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#219675 - 03/18/11 03:47 PM Re: Surviving a Chair Lift at a Ski Resort [Re: Pete]
hikermor Offline
Geezer in Chief
Geezer

Registered: 08/26/06
Posts: 5999
Loc: southern Cal
When you put that rope in your truck, pay close attention to its storage. Petroleum products and sunlight are just some of the agents that will degrade your rope over time. Dust,dirt, and the acids from concrete slabs are very unkind, as well. Most climbers and cavers store their ropes in a sturdy bag. Ones made specifically for that purpose are available.

It would be far better to keep the rope in a dark closet in your home and put it in your truck only when you use it, which should be reasonably often so that you will be proficient when you need it.

Rope manufacturers claim that climbing ropes stored under ideal conditions will still lose strength to an unsafe degree(obvious bias possible!). They may be right, so go ahead and use it.
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#219685 - 03/18/11 05:27 PM Re: Surviving a Chair Lift at a Ski Resort [Re: ireckon]
Alex Offline
Old Hand

Registered: 03/01/07
Posts: 1034
Loc: -
The paracord rappelling was discussed on the forum many times. I was always arguing positively for that. Yes it's very dangerous but doable if you know what you are doing.

However since then I switched from paracord to a much better rope - the 3/16 Amsteel Blue. It's 10 times stronger and much more durable, also it's lighter than paracord (see the specs). I'm using it to hang my hammock in the woods all the time and it works very well. I have a 100ft piece in my camping/travel survival kit. Add a huge but lightweight aluminum carabinner, which you can find at some stores in form of a padded carrying handle (I've got mine at Kragen) and you can rappell much more safely. Add a 3/16 belay rack for easier descending control.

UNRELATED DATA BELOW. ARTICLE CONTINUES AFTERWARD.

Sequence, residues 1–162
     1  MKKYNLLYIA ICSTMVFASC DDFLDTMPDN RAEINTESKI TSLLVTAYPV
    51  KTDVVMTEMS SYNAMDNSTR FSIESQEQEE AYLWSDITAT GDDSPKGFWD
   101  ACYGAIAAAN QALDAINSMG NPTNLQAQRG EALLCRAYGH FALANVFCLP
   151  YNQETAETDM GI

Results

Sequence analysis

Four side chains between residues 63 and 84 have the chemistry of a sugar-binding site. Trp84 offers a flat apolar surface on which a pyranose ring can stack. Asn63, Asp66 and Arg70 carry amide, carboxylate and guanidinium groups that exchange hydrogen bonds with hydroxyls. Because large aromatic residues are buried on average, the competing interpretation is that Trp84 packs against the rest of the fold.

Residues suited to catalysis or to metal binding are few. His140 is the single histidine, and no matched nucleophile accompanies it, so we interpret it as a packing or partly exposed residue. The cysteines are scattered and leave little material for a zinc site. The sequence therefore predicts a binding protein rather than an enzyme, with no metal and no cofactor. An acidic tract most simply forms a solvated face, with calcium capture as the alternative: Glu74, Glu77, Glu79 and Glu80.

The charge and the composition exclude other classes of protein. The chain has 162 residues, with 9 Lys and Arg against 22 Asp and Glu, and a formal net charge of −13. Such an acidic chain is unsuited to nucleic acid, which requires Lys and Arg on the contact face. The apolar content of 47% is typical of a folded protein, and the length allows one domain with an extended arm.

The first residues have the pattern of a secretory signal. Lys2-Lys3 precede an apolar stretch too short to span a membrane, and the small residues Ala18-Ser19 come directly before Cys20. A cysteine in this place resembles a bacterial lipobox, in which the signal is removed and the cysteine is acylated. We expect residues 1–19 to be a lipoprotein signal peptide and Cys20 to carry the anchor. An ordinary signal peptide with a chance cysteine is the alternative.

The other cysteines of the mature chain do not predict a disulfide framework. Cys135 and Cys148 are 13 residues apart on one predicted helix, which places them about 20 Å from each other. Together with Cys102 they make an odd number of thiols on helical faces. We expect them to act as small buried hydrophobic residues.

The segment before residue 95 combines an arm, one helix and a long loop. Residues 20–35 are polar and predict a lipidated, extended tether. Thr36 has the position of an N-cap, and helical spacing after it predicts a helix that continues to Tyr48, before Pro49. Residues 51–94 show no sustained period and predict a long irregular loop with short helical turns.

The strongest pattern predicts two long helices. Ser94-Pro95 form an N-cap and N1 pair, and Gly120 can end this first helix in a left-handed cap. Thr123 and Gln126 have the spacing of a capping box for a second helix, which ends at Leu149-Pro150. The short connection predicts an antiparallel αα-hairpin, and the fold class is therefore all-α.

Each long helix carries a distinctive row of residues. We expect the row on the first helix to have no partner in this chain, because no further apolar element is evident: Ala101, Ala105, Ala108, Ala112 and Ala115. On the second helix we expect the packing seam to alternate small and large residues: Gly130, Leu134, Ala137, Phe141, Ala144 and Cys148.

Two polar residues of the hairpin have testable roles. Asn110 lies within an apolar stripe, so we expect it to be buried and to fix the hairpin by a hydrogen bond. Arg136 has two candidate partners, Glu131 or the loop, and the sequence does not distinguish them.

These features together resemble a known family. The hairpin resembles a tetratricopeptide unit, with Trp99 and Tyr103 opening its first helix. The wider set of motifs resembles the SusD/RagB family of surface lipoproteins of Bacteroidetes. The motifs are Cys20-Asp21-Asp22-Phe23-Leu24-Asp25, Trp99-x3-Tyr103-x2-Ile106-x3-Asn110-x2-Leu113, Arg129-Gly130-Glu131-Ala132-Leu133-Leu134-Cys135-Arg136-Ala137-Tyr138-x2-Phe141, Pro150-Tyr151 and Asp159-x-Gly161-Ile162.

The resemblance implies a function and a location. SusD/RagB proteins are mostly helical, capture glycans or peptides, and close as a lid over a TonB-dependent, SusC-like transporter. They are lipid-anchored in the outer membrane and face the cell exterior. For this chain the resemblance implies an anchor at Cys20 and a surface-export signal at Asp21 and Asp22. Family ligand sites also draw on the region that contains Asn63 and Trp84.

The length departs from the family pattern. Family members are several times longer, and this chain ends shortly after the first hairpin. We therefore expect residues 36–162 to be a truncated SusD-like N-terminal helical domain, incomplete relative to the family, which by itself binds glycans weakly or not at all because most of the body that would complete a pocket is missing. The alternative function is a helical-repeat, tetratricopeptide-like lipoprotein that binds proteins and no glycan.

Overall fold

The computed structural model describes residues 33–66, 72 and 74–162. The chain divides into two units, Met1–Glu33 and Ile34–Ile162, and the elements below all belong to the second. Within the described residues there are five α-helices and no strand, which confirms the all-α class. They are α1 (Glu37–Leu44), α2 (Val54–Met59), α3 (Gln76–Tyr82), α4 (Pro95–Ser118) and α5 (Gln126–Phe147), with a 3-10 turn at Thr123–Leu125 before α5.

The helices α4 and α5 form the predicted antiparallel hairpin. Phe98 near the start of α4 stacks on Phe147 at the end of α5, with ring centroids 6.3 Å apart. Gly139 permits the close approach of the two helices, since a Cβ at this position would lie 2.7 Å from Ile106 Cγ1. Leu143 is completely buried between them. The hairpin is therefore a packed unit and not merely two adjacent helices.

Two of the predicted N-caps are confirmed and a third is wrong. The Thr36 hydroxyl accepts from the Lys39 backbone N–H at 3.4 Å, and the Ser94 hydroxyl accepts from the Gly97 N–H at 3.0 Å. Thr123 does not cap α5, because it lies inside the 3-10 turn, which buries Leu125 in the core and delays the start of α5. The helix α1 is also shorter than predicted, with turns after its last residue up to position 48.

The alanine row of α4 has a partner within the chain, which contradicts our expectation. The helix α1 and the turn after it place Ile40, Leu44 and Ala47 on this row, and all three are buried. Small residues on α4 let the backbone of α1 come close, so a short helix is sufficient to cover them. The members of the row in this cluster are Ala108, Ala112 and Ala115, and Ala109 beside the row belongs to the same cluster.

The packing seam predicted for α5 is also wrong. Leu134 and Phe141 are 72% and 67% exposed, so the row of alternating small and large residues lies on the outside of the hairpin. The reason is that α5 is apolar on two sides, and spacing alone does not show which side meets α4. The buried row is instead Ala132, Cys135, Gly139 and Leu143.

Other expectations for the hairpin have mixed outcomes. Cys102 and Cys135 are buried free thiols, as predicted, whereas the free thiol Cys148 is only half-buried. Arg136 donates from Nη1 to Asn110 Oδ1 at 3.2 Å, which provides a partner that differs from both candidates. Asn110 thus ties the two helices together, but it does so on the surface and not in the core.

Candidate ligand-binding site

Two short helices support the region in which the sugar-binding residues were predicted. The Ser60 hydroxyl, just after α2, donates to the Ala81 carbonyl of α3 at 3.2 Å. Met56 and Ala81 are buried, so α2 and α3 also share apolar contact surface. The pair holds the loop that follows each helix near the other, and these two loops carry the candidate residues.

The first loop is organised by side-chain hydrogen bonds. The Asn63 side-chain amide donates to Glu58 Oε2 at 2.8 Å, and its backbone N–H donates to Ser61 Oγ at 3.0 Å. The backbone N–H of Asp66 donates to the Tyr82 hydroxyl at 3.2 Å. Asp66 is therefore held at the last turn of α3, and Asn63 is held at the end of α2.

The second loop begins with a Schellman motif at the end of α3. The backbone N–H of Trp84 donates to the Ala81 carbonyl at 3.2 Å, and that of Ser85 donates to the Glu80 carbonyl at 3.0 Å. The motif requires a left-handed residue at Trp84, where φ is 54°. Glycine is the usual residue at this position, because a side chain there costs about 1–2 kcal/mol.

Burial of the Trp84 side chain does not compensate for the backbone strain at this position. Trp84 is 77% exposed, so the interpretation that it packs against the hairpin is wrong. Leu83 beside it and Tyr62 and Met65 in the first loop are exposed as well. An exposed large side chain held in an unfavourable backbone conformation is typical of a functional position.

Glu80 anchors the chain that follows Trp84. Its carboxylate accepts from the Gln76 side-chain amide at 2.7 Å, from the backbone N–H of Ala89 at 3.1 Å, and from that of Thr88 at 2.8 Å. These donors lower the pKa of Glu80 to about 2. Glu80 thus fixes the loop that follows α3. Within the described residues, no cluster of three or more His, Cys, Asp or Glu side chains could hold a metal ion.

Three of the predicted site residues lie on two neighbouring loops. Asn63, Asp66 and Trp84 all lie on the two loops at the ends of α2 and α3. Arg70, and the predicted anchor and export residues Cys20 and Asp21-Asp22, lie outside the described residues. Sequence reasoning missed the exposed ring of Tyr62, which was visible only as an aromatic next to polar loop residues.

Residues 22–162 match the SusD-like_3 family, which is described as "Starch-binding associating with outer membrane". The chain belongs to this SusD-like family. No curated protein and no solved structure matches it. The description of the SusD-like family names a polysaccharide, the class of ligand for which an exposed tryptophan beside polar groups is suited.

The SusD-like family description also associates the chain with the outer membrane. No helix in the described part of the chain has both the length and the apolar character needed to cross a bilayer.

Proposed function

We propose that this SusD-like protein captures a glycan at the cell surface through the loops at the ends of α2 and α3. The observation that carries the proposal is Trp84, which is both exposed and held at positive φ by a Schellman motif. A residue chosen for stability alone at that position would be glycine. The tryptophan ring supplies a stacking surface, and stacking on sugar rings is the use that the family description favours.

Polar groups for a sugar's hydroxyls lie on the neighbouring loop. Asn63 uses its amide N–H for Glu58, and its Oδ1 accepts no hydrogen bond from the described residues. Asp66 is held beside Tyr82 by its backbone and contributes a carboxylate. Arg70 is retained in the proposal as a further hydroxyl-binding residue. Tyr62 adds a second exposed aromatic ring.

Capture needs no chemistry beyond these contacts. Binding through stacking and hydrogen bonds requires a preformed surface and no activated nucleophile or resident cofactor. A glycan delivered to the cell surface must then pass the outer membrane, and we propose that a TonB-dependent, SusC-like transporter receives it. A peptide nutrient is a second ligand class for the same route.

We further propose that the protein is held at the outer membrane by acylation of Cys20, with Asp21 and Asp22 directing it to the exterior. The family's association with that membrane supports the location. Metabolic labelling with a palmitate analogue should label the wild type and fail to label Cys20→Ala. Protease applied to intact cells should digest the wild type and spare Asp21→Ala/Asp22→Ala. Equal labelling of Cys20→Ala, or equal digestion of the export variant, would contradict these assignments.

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#219686 - 03/18/11 05:40 PM Re: Surviving a Chair Lift at a Ski Resort [Re: hikermor]
clearwater Offline
Old Hand

Registered: 03/19/05
Posts: 979
Loc: Channeled Scablands
Originally Posted By: hikermor
When you put that rope in your truck, pay close attention to its storage. Petroleum products and sunlight are just some of the agents that will degrade your rope over time. Dust,dirt, and the acids from concrete slabs are very unkind, as well. Most climbers and cavers store their ropes in a sturdy bag. Ones made specifically for that purpose are available.

It would be far better to keep the rope in a dark closet in your home and put it in your truck only when you use it, which should be reasonably often so that you will be proficient when you need it.

Rope manufacturers claim that climbing ropes stored under ideal conditions will still lose strength to an unsafe degree(obvious bias possible!). They may be right, so go ahead and use it.


Of note also, rope makers used to say retire a rope after 3 years
if no obvious damage, now at least one says 7 years. So you can
use carefully stored ropes longer if you haven't worn them out
from use-at least in some cases. Best check your rope's maker
for definitive info.

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#219688 - 03/18/11 05:52 PM Re: Surviving a Chair Lift at a Ski Resort [Re: ireckon]
Pete Offline
Veteran

Registered: 02/20/09
Posts: 1314
Teslinhiker ... I have the right training. Although it's probably a bit rusty and I should brush up my skills. Standard practice is to use 3 independent & solid anchors for attach points used for climbing and rapelling. That's the way I was always taught. It certainly doesn't hurt to have a second pair of eyes check your set-up ... people can screw up when they are stressed out or tired.